Recovering the Sacred: Breastfeeding nourishes the mind, body and spirit |

Recovering the Sacred: Breastfeeding nourishes the mind, body and spirit

Rebecca Chavez

Special to First Nation's Focus

Even if a woman is unable to successfully breastfeed, this does not mean she has failed.
Photo: Shutterstock

Benefits to breastfeeding

The benefits of breastfeeding for both mother and baby are numerous; a few are listed below:

Benefits for Baby

Provides ideal nutrition

Breastmilk contains important antibodies

Reduces disease and infection risks for baby

Promotes healthy weight gain and promotes healthy gut development

Promotes better brain development


Benefits for Mother

Lose pregnancy weight gain faster

Reduces the amount of bleeding following birth

Lowers risk of postpartum depression

Decreases disease risk such as cancer, heart disease and Type 2 diabetes

Saves time and money

Breastfeeding is more than nourishing babies the way nature intended; breastfeeding nourishes the mind, body and spirit of both mother and baby. 

Traditionally, breastfeeding was seen as a natural part of being a woman and a mother. When babies were born, they were bundled into slings, moss bags or cradleboards. Women went about their daily lives with their babies strapped securely to their bodies, protecting their little ones from harm while caring and feeding them as needed.

Babies developed and grew in an environment of security and love. It was normal for a mother to breastfeed her child for several years.

This practice was healthy for both baby and mother: the baby receiving much needed nutrients and immunities from the mother while breastfeeding encouraged pregnancy spacing, allowing a woman’s body time to heal and strengthen before becoming pregnant again. Nowadays, we acknowledge these practices as scientifically proven to be true.

Current Statistics

According to the American Academy of Pediatrics, babies should be exclusively breastfed for the first six months of life. Sadly, native mothers have one of the lowest rates of initiating breastfeeding (59%) of any race of ethnicity in the US. Studies also show the native mothers have the highest rate of supplementing their babies diet with formula (97%) and will terminate breastfeeding altogether around four months.

At the same time, native people face serious health challenges such as diabetes and obesity; challenges that could be avoided by breastfeeding and early introduction of healthy eating.

Rebecca Chavez

Barriers to Breastfeeding

For many Indigenous women, the belief and tradition of breastfeeding has decreased over generations of historical trauma. Assimilation policies divided families and discouraged or outright outlawed cultural teachings.

The boarding school era caused devastating gaps where very little traditional customs were passed on to the next generation. Young women lost contact with female relatives, who taught them the ways of being a woman.

Urbanization led to further isolation, poverty and exposure to western diets high in refined sugar and processed foods. Human milk was replaced by processed cow’s milk; an interesting fact considering that about 75% of indigenous people are intolerant to cow’s milk.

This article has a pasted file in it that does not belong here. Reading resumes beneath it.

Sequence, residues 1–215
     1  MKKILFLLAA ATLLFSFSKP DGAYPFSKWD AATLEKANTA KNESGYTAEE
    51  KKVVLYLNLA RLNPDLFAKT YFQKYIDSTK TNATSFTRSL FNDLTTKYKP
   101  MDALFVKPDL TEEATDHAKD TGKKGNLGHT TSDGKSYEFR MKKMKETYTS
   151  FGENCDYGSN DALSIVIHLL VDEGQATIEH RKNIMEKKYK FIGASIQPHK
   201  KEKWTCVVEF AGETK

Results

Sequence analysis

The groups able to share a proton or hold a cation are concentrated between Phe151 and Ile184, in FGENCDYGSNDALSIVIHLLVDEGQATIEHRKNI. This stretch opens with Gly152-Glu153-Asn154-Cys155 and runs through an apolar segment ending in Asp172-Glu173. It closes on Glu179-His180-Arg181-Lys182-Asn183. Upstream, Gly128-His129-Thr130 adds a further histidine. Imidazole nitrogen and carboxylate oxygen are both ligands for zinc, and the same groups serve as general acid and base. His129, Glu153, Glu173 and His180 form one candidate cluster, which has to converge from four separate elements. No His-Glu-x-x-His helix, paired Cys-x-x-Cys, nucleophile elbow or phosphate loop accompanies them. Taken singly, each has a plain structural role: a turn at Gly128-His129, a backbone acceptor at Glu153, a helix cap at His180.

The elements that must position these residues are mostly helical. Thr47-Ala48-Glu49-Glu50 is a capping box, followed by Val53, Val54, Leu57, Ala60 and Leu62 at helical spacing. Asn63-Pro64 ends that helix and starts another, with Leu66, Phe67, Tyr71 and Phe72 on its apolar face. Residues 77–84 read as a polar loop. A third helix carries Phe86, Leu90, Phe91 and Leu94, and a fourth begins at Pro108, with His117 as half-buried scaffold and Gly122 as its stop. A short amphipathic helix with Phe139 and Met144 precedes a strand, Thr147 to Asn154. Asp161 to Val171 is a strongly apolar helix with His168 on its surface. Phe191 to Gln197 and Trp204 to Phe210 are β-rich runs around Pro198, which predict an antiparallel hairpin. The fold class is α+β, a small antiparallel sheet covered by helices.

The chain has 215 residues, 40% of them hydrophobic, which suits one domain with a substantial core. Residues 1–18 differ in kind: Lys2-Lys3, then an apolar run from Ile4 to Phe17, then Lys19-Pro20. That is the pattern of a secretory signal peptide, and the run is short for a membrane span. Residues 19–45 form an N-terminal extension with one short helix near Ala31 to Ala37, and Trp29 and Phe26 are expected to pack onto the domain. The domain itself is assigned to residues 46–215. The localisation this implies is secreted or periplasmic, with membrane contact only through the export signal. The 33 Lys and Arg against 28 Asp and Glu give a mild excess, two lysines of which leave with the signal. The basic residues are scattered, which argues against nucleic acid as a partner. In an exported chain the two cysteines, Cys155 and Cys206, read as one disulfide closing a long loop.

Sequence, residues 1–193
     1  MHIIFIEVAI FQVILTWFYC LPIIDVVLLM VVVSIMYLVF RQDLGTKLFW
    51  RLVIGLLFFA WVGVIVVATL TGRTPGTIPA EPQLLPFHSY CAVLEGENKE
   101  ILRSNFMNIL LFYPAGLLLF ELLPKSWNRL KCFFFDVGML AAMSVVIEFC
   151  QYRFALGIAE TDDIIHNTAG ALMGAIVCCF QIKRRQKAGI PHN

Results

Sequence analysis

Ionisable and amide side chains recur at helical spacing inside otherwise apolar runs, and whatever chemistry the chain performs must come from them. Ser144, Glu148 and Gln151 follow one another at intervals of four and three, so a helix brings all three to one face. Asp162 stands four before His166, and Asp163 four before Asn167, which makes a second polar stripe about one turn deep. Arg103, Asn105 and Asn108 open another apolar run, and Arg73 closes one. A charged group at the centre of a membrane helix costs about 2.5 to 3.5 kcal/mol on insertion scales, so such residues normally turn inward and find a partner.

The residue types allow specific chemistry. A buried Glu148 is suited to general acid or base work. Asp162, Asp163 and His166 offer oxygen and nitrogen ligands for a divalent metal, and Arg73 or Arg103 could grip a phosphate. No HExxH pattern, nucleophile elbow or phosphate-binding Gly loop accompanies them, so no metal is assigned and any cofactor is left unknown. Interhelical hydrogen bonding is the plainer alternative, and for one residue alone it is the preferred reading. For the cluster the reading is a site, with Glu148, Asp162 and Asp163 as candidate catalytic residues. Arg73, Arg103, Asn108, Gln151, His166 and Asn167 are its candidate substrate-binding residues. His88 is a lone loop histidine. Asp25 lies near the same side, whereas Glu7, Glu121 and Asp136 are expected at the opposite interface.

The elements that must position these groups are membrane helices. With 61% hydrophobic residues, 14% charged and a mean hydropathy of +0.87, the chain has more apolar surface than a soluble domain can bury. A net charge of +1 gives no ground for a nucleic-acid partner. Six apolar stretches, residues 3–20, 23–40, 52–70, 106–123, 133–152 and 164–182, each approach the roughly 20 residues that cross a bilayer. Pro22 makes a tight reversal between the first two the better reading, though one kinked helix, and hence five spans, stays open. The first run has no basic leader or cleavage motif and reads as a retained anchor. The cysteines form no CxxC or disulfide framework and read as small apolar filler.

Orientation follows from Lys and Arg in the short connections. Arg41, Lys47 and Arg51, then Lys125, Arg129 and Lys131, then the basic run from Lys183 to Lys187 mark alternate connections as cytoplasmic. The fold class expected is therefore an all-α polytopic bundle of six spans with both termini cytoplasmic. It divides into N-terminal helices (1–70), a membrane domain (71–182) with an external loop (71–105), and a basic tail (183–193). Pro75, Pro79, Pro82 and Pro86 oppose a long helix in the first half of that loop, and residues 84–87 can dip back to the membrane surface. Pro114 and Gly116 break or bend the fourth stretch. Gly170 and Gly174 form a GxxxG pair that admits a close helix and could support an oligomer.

Even today, lack of resources, late or no prenatal care and continuing lack of support within families, communities and workplaces remain as barriers to breastfeeding.

Resources for Successful Breastfeeding

Although breastfeeding is a natural process, many mothers need help. Breastfeeding takes patience and practice. For some women learning how to breastfeed can be uncomfortable, painful and/or frustrating.

If a baby is born too early or if the mother has health problems, breast-feeding can be difficult. Under the Affordable Care Act, more women have access for free lactation support.

If you are experiencing difficulty with breastfeeding: 

  • Other breastfeeding mothers can be a great source of support. Ask family or friends who have experience at breastfeeding for help.
  • Ask your doctor or midwife to suggest a support group. Some hospitals, OB and pediatric practices have a lactation consultant on staff who lead regular support group meetings.
  • Ask your doctor or midwife for help finding a peer counselor. A peer counselor is someone who has breastfed her own baby and can help other mothers breastfeed successfully.
  • Search the internet for a breastfeeding center near you. Check if the hospital you delivered your baby at has a breastfeeding center.
  • Local resources include: WIC,; and La Leche League,

Even if a woman is unable to successfully breastfeed, this does not mean she has failed. So long as there is skin-to-skin contact during feeding, the joyful closeness and bonding her baby needs can still be achieved.

Talking to her baby, humming, singing and making eye contact are important in development and nurturing feelings of trust and security.

Rebecca Chavez (Western Shoshone) is a certified nurse-midwife, women’s healthcare provider and a mother of two. If you have any questions or ideas for future topics, email her at


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